The largest opening or stop at which a lens can be used is referred to as the speed of the lens. The larger the maximum aperture is, the faster the lens is considered to be. Lenses that offer a large maximum aperture are commonly referred to as fast lenses, and lenses with smaller maximum aperture are regarded as slow.

In low-light situations, having a wider maximum aperture means that you can shoot at a faster shutter speed or work at a lower ISO, or both.

Closest focusing distance

The minimum distance from the focal plane (film or sensor) to the subject where the lens is still able to focus.

Closest working distance

The distance from the front edge of the lens to the subject at the maximum magnification.

Magnification ratio

Determines how large the subject will appear in the final image. For example, a magnification ratio of 1:1 means that the image of the subject formed on the film or sensor will be the same size as the subject in real life. For this reason, a 1:1 ratio is often called "life-size".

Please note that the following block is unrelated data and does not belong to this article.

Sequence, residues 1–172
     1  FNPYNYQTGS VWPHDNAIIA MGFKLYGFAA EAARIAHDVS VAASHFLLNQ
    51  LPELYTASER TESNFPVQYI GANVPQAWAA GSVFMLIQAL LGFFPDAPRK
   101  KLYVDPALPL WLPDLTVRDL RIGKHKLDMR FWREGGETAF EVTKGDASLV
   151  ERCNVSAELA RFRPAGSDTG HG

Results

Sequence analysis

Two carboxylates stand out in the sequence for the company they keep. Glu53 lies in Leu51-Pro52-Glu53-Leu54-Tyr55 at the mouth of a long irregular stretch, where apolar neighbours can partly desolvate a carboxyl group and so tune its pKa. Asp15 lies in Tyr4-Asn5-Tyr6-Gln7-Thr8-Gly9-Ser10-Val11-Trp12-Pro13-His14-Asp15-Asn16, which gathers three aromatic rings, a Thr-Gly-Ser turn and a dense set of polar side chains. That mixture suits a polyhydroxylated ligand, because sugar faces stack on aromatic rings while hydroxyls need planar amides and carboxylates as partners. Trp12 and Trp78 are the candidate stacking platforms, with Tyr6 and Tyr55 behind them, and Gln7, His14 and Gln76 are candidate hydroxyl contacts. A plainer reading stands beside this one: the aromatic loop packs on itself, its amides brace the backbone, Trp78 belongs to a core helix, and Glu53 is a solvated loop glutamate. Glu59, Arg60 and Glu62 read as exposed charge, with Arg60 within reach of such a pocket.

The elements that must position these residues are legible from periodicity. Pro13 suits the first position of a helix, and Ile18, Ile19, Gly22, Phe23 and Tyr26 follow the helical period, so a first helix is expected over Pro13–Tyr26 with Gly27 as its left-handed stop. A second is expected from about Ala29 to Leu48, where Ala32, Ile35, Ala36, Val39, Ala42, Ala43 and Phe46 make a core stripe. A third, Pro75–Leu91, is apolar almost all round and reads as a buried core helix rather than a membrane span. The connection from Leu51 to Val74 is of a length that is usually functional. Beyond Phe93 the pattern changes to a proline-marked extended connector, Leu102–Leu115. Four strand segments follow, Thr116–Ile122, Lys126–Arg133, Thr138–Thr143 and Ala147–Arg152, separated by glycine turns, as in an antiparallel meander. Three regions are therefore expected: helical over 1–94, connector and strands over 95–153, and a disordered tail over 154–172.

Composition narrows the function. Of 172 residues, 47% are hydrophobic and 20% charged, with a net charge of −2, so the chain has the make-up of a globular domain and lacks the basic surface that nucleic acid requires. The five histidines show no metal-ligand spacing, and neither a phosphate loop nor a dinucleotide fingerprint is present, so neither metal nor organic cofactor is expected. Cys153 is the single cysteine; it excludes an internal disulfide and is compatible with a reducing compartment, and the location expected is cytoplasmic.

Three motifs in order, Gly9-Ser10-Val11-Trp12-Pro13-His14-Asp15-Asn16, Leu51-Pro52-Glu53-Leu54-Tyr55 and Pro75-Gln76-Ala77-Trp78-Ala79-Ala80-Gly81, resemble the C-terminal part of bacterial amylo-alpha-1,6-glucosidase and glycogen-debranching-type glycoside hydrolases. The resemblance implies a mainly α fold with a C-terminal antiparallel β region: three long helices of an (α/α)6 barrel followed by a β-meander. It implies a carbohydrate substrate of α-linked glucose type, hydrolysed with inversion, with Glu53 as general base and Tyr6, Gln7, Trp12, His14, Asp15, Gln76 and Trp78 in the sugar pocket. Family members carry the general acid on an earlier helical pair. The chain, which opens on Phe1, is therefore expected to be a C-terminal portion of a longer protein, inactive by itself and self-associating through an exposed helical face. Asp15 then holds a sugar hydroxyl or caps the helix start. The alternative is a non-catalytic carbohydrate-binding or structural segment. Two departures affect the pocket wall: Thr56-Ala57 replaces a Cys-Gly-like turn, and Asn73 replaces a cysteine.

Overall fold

Modified M42 mount

The mount has been modified by the manufacturer to allow exposure metering at full aperture.

Manual diaphragm

The diaphragm must be stopped down manually by rotating the detent aperture ring.

Preset diaphragm

The lens has two rings, one is for pre-setting, while the other is for normal diaphragm adjustment. The first ring must be set at the desired aperture, the second ring then should be fully opened for focusing, and turned back for stop down to the pre-set value.

Semi-automatic diaphragm

The lens features spring mechanism in the diaphragm, triggered by the shutter release, which stops down the diaphragm to the pre-set value. The spring needs to be reset manually after each exposure to re-open diaphragm to its maximum value.

Automatic diaphragm

The camera automatically closes the diaphragm down during the shutter operation. On completion of the exposure, the diaphragm re-opens to its maximum value.